Rush Limbaugh attacked a federal program that keeps children from going hungry, arguing that food stamps are instead the cause of childhood obesity -- but studies find no link between the Supplemental Nutrition Assistance Program (SNAP -- also called food stamps) and obesity in children.
On the December 3 edition of his radio show, Limbaugh agreed that a Washington Times op-ed by James Bovard proved the theory that "more food stamps means fatter kids." Limbaugh asserted that minority children were casualties of "Obama's obesity epidemic" because the "Democrat party has made everybody they can think they are victims" by giving them food stamps.
But Limbaugh's claims are false. Bovard's op-ed never asserted that most childhood obesity occurs among minorities and Bovard mislead his readers about obesity studies to craft a false narrative that food stamp use is linked to childhood obesity. Bovard referenced a study by Baruch college professor Diane Gibson titled "Food Stamp Program Participation is Positively Related to Obesity in Low Income Women" which "estimated that participation in the food-stamp program for five years boosted the odds of young girls being overweight by 43 percent." But Gibson pointed out that her research "did not control for food insecurity, and this omission potentially complicates the interpretation of the FSP [Food Stamp Program] participation variables."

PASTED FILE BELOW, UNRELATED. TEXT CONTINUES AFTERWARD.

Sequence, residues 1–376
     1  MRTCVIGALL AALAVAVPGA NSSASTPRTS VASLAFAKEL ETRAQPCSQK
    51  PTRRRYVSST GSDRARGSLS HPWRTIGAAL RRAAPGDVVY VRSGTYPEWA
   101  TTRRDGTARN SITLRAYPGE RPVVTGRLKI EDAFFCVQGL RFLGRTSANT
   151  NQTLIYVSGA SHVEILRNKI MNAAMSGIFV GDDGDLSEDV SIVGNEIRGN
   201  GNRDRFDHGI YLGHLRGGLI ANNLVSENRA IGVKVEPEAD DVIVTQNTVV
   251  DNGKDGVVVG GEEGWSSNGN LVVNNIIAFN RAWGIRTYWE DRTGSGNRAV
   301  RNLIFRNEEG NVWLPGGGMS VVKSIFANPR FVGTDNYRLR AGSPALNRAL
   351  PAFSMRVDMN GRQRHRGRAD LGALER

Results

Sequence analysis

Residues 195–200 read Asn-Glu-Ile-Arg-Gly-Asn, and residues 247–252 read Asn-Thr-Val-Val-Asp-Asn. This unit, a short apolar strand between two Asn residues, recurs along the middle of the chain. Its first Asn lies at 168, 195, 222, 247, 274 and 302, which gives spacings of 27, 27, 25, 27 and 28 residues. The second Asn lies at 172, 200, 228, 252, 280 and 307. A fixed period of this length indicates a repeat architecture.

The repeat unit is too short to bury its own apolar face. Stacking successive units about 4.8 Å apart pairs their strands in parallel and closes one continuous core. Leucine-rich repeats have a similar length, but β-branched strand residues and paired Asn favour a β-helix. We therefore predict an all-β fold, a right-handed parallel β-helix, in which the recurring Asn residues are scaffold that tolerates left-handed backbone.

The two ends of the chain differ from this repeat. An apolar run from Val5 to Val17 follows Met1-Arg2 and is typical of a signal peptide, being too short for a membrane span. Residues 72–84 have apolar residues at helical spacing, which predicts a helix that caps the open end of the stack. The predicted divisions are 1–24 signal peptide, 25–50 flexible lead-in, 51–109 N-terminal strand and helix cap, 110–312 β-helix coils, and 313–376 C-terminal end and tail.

Other reports found no links to SNAP participation and childhood obesity. A Food Research Action Center study explained that participation in federal food programs like SNAP actually "plays a critical role in obesity prevention both by improving dietary intake and reducing food insecurity" in children. A study published in the official journal of the American Academy of Pediatrics, found that "[a]fter adjusting for sociodemographic differences, SNAP participation was not associated with a higher rate of childhood obesity." The USDA found that food stamp use does not increase the "likelihood of being overweight" in children:
Results from reviewed studies indicate that for most participants in the Food Stamp Program--children, nonelderly men, and the elderly--use of food stamp benefits does not result in an increase in either Body Mass Index (BMI) or the likelihood of being overweight or obese.